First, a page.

Those of you who recognize the address in the title will be surprised to learn that this post is actually subtitled: “Life on an Israeli Maternity Ward”.
Let me explain. No, there is too much, let me sum up…
First, two caveats:
Caveat #1: My American experiences obviously pre-date our aliyah, and even my Israeli experiences aren’t very recent. (After all, BA”H, our “baby” isn’t exactly a baby anymore…) However, I can’t imagine that there have been any significant changes in the interim.
Caveat #2: This post is not about giving birth; it’s only about the postpartum period. However, I should note that the medical care I received in both countries was excellent and equally advanced.
Basically, two main issues distinguish Israeli maternity wards from their American counterparts:
1) Ambulation: In the States, the objective seems to be to let the new mother get some much needed rest. In contrast, here in Israel, the message is: You’re not sick; get out of bed. Obviously, if chas v’shalom anything is wrong, the mothers stay in bed. But, assuming that everything is fine, the mothers are encouraged to get up and walk around. For instance, as long as the mother is up to it, she goes to get her baby from the nursery (rather than waiting for the nurse to bring the baby to her). Also, in some (most?) Israeli hospitals, the new mothers go to a small private dining room to eat their meals. Only mothers who are non-ambulatory (e.g. after a C-section or within the first six hours after giving birth, etc.) receive their meals in bed.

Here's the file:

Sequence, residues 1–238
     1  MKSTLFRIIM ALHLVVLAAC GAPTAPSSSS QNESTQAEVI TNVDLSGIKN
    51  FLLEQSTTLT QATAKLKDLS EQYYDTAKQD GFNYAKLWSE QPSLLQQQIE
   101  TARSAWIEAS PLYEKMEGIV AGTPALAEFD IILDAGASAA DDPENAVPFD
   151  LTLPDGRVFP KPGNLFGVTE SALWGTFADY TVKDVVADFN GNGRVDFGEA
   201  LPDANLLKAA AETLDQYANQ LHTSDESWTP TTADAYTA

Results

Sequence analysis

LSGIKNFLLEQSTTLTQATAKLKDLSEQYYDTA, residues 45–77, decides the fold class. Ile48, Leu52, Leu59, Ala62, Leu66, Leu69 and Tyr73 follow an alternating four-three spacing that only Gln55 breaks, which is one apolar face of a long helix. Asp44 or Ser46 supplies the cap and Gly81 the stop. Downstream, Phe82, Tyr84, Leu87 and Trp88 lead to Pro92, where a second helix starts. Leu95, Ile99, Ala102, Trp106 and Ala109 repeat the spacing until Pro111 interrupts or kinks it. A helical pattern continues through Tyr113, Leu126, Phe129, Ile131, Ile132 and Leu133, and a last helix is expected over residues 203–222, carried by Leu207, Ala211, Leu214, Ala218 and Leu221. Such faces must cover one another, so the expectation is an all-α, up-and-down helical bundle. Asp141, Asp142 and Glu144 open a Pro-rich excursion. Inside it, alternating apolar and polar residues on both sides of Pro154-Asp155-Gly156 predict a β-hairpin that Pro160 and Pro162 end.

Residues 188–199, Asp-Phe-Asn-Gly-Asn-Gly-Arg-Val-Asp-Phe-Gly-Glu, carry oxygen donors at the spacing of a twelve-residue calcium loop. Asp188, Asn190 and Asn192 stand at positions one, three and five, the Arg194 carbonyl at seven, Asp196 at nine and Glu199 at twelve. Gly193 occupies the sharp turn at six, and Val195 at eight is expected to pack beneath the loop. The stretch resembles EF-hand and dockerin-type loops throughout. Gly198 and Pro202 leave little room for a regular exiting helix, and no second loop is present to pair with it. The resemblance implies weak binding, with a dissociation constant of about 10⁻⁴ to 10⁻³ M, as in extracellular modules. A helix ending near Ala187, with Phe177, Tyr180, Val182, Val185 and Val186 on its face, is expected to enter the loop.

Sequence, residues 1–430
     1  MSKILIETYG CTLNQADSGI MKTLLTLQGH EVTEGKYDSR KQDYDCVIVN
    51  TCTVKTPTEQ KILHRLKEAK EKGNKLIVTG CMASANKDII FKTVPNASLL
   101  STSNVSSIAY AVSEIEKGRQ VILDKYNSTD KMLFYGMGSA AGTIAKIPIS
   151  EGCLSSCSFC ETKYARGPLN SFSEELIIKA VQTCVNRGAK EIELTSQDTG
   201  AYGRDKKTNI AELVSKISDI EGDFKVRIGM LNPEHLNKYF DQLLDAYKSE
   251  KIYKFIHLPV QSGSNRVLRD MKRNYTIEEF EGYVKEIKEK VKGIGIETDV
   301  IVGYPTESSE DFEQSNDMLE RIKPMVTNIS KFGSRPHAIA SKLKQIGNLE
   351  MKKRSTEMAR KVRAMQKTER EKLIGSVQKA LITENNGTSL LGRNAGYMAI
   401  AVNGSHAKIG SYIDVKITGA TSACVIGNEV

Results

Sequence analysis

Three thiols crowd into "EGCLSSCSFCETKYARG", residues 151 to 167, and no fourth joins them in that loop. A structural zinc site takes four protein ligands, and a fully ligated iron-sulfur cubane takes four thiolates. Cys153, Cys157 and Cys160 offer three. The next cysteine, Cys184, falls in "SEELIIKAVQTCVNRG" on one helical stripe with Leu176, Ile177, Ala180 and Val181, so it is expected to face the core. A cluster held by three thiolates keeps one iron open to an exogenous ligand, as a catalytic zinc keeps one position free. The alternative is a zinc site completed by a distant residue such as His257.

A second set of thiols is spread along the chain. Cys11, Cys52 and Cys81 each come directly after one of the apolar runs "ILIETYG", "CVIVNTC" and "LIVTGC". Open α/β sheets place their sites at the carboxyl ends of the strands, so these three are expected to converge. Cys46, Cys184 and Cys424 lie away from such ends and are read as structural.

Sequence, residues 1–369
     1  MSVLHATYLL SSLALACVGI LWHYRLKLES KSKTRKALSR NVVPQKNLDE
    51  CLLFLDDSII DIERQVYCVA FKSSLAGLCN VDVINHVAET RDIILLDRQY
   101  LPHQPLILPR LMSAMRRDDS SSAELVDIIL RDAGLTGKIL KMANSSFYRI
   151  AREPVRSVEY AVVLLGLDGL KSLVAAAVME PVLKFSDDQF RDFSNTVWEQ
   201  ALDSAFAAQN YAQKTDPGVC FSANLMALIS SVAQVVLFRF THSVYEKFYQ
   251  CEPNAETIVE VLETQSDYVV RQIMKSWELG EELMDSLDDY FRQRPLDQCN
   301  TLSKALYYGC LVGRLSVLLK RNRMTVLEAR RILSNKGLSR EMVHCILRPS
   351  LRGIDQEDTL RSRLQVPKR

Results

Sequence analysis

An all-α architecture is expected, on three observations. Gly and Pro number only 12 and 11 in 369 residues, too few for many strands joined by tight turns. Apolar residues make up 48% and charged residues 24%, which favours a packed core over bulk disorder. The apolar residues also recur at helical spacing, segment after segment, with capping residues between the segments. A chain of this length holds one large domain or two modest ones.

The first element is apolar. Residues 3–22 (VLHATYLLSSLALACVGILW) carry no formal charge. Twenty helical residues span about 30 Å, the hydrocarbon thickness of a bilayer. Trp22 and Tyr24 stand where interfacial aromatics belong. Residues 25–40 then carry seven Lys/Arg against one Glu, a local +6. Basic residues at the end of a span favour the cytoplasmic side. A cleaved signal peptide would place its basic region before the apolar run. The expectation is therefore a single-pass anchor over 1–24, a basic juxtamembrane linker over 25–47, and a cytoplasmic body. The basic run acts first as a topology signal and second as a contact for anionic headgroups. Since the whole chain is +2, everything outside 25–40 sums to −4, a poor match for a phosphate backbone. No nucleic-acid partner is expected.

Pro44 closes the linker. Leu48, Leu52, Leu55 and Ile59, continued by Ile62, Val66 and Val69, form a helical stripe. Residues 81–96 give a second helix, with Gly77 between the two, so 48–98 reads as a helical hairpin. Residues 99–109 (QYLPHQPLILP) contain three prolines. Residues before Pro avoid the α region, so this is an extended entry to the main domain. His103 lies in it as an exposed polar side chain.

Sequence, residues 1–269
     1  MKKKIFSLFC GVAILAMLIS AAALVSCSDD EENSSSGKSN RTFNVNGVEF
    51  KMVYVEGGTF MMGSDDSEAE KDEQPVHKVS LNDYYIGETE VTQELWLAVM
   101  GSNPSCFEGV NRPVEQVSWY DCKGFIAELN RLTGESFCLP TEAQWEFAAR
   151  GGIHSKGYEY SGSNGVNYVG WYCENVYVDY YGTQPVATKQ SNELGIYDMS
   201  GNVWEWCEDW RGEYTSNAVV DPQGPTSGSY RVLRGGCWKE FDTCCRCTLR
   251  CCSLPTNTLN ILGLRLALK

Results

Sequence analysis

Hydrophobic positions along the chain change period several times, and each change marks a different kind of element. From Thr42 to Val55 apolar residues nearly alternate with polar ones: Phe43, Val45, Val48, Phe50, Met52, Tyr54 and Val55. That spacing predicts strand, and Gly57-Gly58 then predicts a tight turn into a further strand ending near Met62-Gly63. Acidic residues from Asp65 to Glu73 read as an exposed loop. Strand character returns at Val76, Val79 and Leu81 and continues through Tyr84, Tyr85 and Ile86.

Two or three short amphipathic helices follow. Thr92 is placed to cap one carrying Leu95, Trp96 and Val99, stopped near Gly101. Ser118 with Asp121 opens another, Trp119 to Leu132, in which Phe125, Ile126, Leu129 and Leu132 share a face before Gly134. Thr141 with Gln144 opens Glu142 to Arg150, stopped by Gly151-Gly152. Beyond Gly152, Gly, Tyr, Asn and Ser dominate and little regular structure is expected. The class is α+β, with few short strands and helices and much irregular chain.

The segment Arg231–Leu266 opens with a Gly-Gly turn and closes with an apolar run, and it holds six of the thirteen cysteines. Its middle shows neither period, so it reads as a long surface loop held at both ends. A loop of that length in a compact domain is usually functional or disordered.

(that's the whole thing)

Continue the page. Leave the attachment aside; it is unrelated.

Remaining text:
2) Socialization: Unlike in America, Israeli maternity wards serve as postpartum support groups. Except for at night and – perhaps – during the traditional 2-4 PM rest hour, the curtains separating the beds remain open. By the time I left the hospital after each birth, I knew all kinds of personal things about my roommates. In contrast, in America, I barely knew my roommates’ names!
The net result was that when each of my “sabras” were born, I felt like I was back in Stern College (hence the title!) – with two notable differences: